The Kalutara Health Unit, established in 1926 by the International Health Board (IHB) of the Rockefeller Foundation, functioned as a “model” of public health in Asia. Typhoid fever endemic in the Kalutara health unit area during the 1930s caused concern for the IHB representative in Sri Lanka because the health unit served as the training center for the local and foreign public health personnel. After a number of unsuccessful attempts to control the disease, the IHB sponsored a bacteriological analysis of the problem, followed by a two-year sanitary engineering project that brought the disease under control. The successful typhoid control program in the Kalutara health unit area was an excellent case of international cooperation, and local community support in disease control that contributed to Sri Lanka's outstanding health achievements.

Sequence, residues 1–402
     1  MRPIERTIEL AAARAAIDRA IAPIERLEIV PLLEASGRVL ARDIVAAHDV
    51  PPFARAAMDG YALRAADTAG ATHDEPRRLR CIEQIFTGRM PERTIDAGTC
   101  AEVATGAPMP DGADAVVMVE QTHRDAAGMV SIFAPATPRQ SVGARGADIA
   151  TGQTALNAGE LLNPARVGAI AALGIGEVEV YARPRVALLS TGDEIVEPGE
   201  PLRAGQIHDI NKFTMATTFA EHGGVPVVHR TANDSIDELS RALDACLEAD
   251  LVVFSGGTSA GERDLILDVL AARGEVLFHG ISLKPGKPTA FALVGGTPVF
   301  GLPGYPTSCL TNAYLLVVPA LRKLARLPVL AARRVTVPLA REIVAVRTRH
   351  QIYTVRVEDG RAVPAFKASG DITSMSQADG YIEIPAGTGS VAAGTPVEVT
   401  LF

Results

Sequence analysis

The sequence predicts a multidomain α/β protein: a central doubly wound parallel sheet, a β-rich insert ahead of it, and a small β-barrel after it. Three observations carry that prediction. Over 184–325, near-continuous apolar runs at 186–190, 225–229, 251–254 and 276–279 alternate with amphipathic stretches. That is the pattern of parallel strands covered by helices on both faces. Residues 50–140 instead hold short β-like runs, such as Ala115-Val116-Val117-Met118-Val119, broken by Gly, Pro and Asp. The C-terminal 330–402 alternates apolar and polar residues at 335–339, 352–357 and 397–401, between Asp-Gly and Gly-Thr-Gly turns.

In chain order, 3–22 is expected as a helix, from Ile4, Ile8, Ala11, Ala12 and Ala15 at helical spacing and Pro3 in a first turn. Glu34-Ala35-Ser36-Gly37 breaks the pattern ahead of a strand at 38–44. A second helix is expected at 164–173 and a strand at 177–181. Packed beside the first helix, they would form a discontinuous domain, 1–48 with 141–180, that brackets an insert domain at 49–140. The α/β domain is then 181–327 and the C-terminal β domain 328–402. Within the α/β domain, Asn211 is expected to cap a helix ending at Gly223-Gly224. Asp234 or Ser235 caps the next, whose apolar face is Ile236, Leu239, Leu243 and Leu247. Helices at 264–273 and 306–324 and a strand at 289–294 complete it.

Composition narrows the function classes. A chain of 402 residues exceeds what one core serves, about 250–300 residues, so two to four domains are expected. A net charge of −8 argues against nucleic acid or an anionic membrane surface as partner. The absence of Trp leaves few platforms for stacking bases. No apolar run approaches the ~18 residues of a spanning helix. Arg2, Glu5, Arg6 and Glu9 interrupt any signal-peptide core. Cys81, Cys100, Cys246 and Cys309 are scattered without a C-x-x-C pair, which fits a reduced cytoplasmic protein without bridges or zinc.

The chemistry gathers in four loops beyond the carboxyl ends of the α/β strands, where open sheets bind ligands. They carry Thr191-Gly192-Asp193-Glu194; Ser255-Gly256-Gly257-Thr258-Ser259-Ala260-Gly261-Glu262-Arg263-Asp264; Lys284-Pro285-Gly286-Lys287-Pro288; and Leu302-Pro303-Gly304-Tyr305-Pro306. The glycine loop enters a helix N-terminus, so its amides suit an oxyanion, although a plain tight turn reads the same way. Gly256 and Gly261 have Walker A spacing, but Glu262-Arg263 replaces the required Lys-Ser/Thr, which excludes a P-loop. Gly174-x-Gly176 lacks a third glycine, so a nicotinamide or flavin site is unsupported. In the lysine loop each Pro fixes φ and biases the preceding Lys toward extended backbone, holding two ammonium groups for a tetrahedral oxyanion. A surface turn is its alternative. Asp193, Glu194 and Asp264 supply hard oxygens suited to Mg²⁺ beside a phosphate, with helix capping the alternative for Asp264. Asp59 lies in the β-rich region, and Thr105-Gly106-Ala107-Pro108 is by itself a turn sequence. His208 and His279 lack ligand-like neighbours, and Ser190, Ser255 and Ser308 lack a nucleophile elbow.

Key Words: Kalutara Health Unit; Typhoid fever; Rockefeller Foundation
Galle Medical Journal, Vol 16: No. 1, March 2011 pp.29-32